Trump official denies he's trying to destroy the CFPB

What you need to know about the CFPB
What you need to know about the CFPB

Mick Mulvaney says he's not trying to destroy the Consumer Financial Protection Bureau, which he once pushed to abolish and now leads.

"I have not burned the place down," Mulvaney, the acting director of the watchdog agency, told a House hearing on Wednesday.

Democrats disagreed, loudly. They repeatedly bashed Mulvaney for defanging the agency.

"You are clearly out to destroy the CFPB — and you really make no bones about it," said Representative David Scott, a Democrat from Georgia.

Representative Carolyn Maloney of New York said: "We have essentially taken the cop off the beat."

Maloney asked Mulvaney to explain how many enforcement actions the CFPB has launched since he took over, amid controversy, last fall.

"We have initiated none," said Mulvaney, who also serves as President Trump's budget director.

Related: 10 years after the crisis, have we learned anything?

He pointed to about 100 investigations under way at the CFPB, and 25 cases being litigated.

"Are you telling me that every single financial institution in America has suddenly snapped into full compliance?" Maloney asked.

Mulvaney insisted that the CFPB continues to supervise financial firms and conduct enforcement actions set in motion before he got there. However, he said "regulation by enforcement is done. We're not doing it anymore."

Republicans on the panel welcomed Mulvaney's efforts to dial back the CFPB and pushed for more to be done to rein in the power of the agency's director.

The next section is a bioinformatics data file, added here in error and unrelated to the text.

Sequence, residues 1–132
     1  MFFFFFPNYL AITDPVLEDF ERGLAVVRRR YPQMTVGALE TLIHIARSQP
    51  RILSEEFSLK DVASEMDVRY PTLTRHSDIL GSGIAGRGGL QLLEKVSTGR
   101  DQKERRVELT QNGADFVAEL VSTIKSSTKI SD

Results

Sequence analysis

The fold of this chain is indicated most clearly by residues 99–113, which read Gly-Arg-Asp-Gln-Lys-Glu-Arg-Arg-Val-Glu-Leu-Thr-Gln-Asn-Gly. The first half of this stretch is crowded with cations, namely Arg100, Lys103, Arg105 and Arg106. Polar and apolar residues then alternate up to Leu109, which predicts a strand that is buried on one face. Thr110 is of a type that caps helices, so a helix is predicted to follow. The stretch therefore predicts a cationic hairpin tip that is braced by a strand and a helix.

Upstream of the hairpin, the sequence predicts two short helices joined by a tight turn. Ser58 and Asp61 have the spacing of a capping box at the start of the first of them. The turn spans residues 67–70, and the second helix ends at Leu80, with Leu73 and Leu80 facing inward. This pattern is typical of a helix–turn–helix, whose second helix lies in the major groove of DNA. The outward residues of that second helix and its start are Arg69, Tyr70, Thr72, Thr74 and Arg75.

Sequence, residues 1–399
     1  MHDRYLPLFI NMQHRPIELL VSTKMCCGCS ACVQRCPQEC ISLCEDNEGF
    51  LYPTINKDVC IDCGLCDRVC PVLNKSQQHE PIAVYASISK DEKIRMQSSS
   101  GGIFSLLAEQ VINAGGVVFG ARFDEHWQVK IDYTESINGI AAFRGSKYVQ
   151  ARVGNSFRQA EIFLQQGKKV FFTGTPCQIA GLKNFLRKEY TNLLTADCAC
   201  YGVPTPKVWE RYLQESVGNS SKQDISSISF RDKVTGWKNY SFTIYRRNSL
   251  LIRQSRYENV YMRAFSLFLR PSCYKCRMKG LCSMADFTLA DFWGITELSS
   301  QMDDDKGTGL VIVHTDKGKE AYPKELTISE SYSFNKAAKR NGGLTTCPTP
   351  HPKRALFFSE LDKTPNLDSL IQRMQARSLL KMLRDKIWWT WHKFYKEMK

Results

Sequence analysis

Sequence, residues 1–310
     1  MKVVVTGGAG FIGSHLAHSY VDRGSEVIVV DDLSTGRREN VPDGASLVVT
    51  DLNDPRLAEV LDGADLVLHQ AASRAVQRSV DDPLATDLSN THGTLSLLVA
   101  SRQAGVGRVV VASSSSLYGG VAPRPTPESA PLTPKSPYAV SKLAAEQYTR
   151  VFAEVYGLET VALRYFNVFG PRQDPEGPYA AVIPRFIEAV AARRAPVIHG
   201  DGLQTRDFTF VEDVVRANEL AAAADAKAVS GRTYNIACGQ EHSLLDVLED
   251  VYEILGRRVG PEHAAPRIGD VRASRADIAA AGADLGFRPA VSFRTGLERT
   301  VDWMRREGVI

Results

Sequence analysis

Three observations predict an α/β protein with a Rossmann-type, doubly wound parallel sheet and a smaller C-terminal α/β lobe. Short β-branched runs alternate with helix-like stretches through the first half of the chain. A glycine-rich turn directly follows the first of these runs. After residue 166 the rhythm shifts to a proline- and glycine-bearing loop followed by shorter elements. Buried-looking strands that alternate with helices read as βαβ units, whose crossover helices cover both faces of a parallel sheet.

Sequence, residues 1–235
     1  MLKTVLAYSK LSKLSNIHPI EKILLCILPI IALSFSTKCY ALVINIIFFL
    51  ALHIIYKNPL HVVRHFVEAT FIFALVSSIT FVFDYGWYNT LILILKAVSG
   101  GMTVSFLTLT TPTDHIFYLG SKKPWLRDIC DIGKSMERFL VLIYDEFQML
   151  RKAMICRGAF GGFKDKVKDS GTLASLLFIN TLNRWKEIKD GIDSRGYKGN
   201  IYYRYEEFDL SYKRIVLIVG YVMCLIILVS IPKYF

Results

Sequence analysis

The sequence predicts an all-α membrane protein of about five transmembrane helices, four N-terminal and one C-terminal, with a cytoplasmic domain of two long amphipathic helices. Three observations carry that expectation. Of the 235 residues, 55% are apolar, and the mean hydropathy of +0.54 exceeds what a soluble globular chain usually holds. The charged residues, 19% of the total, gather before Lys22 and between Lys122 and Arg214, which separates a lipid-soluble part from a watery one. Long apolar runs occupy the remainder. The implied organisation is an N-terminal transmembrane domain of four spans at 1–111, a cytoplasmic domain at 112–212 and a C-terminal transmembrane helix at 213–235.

"I still maintain that the CFPB is the most powerful and unaccountable agency in the history of the republic," said Representative Jeb Hensarling of Texas, the Republican chairman of the House Financial Services Committee.

As a Republican lawmaker, Mulvaney called the CFPB a "joke." He even endorsed abolishing the CFPB, casting it as a renegade regulator that hurts Americans by crippling access to credit.

Related: Is the CFPB really crippling the economy?

The CFPB was created in 2010 by Congress and former President Obama to safeguard Americans from financial predators. The agency rolled out mortgage and payday-lender rules and cracked down on bad behavior by penalizing Citigroup (C), Wells Fargo (WFC) and many other lenders.

Under Mulvaney, the CFPB has reversed course. It has delayed the payday-loan rules, dropped lawsuits against payday lenders and stripped enforcement of fair-lending protections.

Yet there was little evidence that the CFPB's rules were crippling the economy. In reality, America's banks are notching record profits and household debt is at all-time highs. Since the CFPB opened, bank loans to businesses have also risen to all-time highs.

Representative Gregory Meeks, a Democrat from New York, accused Mulvaney of becoming acting director just to undermine the agency.

"The best way to get rid of the bureau would be to take it over and get rid of it," Meeks said.

Mulvaney explained that although he wants to reform the CFPB, "I haven't blown the place up."

He also denied rumors that he's eyeing House Speaker Paul Ryan's job when he retires next year.

"I've got two jobs. That's enough for me," Mulvaney said.

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